I wish you all the best, until next time, take care.

A New Appreciation

Since I began macro photography, I have surprised myself enormously about what I now get excited about capturing in the garden, or what I really hope to shoot in the future. From discovering the joy of jumping spiders to this weeks “buzz” in achieving a wasp portrait.

Wasps, often seen as useless, dangerous and annoying are massively underappreciated. Ashamedly, in the past, I have not always been the wasps biggest fan, until recently that is.

Public perception of this much maligned insect needs to be changed, you don’t have to love them just know they aren’t as useless as they are perceived.

I can understand why these so called pests have been given such a bad press, who wants to get stung? Unlike its close relative the Honeybee, who also packs a powerful sting but provides us with honey, there is no physical trade off for a wasp sting.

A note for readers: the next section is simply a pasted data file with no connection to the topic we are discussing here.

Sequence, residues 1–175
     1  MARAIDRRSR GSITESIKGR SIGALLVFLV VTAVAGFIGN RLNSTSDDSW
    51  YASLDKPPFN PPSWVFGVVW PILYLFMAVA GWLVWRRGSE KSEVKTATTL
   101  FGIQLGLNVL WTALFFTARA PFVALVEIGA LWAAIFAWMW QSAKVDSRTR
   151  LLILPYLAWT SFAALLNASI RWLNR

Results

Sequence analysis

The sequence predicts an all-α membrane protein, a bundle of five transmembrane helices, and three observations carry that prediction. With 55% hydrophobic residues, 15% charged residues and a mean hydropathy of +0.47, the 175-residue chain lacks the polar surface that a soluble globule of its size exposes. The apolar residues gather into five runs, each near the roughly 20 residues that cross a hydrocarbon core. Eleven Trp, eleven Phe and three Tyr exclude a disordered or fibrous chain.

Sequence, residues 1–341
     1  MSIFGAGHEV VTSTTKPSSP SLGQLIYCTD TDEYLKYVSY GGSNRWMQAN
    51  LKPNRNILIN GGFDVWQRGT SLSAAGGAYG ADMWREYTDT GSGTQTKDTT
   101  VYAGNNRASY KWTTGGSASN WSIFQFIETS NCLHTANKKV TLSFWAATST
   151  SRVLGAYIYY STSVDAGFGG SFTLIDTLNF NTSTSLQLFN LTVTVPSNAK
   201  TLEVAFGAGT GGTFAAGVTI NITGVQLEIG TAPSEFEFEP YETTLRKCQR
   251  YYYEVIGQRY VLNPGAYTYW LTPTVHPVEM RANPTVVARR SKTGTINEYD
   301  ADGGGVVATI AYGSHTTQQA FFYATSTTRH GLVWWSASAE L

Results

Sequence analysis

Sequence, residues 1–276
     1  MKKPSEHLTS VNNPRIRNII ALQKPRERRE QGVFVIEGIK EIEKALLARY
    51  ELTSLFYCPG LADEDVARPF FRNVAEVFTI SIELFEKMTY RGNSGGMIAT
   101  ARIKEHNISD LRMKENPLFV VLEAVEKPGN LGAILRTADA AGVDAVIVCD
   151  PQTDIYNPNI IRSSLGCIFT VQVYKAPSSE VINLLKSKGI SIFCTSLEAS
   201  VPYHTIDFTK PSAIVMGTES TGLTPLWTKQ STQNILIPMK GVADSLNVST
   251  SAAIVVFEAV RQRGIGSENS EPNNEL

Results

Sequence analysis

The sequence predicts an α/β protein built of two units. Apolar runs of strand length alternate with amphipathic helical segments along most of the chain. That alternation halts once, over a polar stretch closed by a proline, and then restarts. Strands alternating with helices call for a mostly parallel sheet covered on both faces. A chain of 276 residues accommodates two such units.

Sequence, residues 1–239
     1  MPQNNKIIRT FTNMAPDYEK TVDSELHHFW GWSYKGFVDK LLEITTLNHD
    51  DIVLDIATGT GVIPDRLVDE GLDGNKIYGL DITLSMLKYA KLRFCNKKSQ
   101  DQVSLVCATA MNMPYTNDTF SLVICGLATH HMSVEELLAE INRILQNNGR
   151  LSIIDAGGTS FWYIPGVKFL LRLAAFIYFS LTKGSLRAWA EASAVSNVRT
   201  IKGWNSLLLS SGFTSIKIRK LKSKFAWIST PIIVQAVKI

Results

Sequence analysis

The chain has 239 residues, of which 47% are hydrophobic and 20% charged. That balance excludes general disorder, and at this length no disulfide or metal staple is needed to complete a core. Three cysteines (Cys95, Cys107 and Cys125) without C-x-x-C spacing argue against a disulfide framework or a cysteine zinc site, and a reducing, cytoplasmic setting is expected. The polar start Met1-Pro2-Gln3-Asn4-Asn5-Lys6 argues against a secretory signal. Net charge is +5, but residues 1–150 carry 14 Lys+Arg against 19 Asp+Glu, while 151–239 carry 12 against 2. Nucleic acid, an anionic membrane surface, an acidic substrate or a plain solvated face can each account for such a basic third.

Wasps (social or solitary) are great at pest control, either killing insects for feeding their larvae in a nest or using them as a host for their eggs. Who needs pesticides when the wasp is an apex pest predator, they are the gardeners friend!

Wasps also pollinate, although not rightfully credited. I recently learnt that figs are reliant on the aptly named fig wasp, one without the other cannot complete their life cycle, that’s just one example of many specialist plant/wasp relationships, where without each other they would cease to exist.

Other wasps inadvertently pollinate by transferring pollen flower to flower when collecting nectar, making them amazing general pollinators.